The last of autumn’s hangover still clings to the landscape by a slender thread. Deer scatter from beside the single track roadside and bound towards the hills, clearly unaccustomed to a steady stream of traffic; we hadn’t seen a sole since leaving the main road at Invergarry.

We’d heard a few whispers from the boys at Nevis Cycles bike shop in Fort William about a seldom-used ridge top trail, best reached by following in the foot steps of hunters on an old deer stalking path. Swapping EWS stages for Scottish back country, we were joined by Max Schumann and Joe Barnes who met us on the road up from Fort William for a little dose of carpe diem.

The low water level on the loch shoreline could lure you into thinking the ground under wheels and foot was anything but sodden. Wrong. After a gentle spin along the flat valley floor we teetered across a narrow hydroelectric dam before we had an abrupt and unavoidable introduction to one of Scotland’s finest bogs. The boys had a couple of ‘PeakRider’ bike carrying systems on test and looked pretty smug as they began marching off hands free into the wilderness. There wasn’t any escaping the ascending slog as the faint path trudged the contour lines of the hill back and forth as we edged from the valley floor and closer to the low lying cloud hugging the hill tops. A tangle of monotone glens with luminous strips of rivers opens up below us, each imperfection on the neighbouring slopes highlighted by the belts of snow clinging to the hollows. By now the boisterous banter had tailed off slightly with each of us head down, staring at our feet as they slowly clawed upwards.

Earlier chat of how still the wind was had to be swallowed as it began to slap us and our bikes around, the already bleak vegetation soon fizzled out into snow and rock as were immersed into the somewhat disorientating grey of mist. Disorientating in the way it hid the sheer drops either side and only left us with the soft shape of the narrow arête reaching out ahead. Progress is accelerated by the fact no one is that set on hanging around in the wind and flurries of sleet showers, particularly Barnesy who has donned a fetching set of goggles for the final and most exposed dash of hike-a-bike. The weather continues to roll in and out, taunting us at it reveals brief glimpses of what’s to come. The ridge eventually reveals what we’d been looking for. A thin indentation worn into the hillside tapered over the edge and out of sight, we needed no convincing and gave heavy calf muscles no respite by leaping into the unknown.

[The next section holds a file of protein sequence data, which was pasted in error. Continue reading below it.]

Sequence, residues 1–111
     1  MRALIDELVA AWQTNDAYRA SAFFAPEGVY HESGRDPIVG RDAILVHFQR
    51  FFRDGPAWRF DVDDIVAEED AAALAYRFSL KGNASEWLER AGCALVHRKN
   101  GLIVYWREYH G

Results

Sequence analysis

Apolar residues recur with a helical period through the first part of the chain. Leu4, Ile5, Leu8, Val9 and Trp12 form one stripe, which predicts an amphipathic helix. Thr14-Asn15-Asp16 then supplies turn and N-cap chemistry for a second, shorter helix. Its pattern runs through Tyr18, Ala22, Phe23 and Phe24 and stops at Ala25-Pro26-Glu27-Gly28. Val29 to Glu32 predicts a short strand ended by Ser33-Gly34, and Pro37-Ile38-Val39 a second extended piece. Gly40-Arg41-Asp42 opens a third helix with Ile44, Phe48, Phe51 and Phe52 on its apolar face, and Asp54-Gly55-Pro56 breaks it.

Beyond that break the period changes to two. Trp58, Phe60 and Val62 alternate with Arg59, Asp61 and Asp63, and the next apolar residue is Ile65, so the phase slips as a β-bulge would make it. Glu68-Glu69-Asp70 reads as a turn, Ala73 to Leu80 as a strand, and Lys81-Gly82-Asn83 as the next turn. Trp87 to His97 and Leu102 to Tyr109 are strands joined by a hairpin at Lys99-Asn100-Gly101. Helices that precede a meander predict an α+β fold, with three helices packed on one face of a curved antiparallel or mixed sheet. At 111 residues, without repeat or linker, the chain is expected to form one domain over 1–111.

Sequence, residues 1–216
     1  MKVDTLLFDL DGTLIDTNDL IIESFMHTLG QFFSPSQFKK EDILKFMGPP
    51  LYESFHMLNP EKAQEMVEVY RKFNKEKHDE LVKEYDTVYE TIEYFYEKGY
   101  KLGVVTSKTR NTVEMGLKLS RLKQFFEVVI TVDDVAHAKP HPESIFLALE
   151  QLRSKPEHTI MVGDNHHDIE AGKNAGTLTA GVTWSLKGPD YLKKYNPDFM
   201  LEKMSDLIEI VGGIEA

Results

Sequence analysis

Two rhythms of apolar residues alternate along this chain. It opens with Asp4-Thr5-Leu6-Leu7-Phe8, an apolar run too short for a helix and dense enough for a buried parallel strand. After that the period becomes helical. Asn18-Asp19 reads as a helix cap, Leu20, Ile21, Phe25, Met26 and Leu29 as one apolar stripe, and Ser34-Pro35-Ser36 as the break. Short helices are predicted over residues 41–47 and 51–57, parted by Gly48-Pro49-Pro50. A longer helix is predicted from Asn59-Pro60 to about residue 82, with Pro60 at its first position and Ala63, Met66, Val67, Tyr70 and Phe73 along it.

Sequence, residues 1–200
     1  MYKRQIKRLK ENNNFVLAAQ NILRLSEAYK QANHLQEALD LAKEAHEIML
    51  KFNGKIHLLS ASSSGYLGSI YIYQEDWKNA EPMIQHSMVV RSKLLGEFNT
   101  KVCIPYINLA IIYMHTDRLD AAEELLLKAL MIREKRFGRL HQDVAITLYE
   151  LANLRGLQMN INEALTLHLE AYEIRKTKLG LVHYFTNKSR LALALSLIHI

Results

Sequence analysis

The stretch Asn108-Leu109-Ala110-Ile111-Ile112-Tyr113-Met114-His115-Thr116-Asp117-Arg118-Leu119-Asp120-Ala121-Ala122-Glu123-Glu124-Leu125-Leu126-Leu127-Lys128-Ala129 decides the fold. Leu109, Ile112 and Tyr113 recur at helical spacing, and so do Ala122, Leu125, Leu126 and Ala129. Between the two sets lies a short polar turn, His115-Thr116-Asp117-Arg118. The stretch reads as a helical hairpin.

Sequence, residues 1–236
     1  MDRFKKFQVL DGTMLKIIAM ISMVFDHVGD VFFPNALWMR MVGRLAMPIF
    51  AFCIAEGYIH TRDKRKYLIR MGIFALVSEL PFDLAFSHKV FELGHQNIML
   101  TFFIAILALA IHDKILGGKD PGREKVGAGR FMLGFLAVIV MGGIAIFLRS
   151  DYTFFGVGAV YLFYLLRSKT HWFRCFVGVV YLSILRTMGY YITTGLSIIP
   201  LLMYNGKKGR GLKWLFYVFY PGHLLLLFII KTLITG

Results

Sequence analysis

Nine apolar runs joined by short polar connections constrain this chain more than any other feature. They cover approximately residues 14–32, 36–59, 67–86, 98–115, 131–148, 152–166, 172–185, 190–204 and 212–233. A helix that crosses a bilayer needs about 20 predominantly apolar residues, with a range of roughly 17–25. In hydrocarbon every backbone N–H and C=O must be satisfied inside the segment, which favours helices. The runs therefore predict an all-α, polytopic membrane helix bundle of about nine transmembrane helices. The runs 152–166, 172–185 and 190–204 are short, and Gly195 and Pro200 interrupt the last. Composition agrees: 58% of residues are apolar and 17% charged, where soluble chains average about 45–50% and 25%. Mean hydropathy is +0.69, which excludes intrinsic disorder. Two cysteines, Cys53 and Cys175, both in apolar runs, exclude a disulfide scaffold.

Joe and Max were in their element, anchoring up for the steep slick turns with ease, carrying a ridiculous pace… only becoming apparent as I pinball through well behind them. Exiting onto a brief plateau we ditch the cloud but gain no extra daylight in doing so, the sun had made no appearance all day and seemed to have thrown the towel in as it became alarmingly dark. Peaty soil streamers are launched into the air from wheels as we now stare down the barrel of the gun onto Loch Quoich and the layers of blue and grey glacial carved mountains. Soaked to the bone and being attacked by moisture from both above and below, the onslaught of turns recommences under a crescendo of brake squeal. A narrow animal track’s-worth of grip was all this hillside was willing to offer up. Run wide at your peril. A layer of waterlogged grass and moss that made ice seem like velcro lay in wait, both Max and myself falling victim, just as comically as each other. I reverse parked off a steep banking and chose not to dwell too long on the potential consequences, whilst Max decided to let his Nomad ride him down a grassy chute.

Racing the light felt like a losing battle so we crack the whip and dump the remaining altitude with the trail becoming straighter and faster through a jigsaw of craggy rock faces, eventually funnelling us into a tunnel through a dense canopy of rhododendrons. We are spat onto the road and in the nick of time too. A short roll to the car gives us time to process the whirlwind dash down the mountain we’d just devoured. A few choice swear words, admittedly mostly from yours truly, were the best way of summing up what’d turned into more of an epic than we’d imagined setting off in the morning. Dignity on full show, wet bikes and clothes are dumped in the vans and left to be dealt with at a later date whilst the heaters are groped and worked overtime… A chilled-to-the-bone satisfaction that lingers well into the evening.
Scotland, don’t ever change.

If you want to experience the best of Scottish riding, check out H+I Adventures for more epic adventures.

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Words & Photos: Ross Bell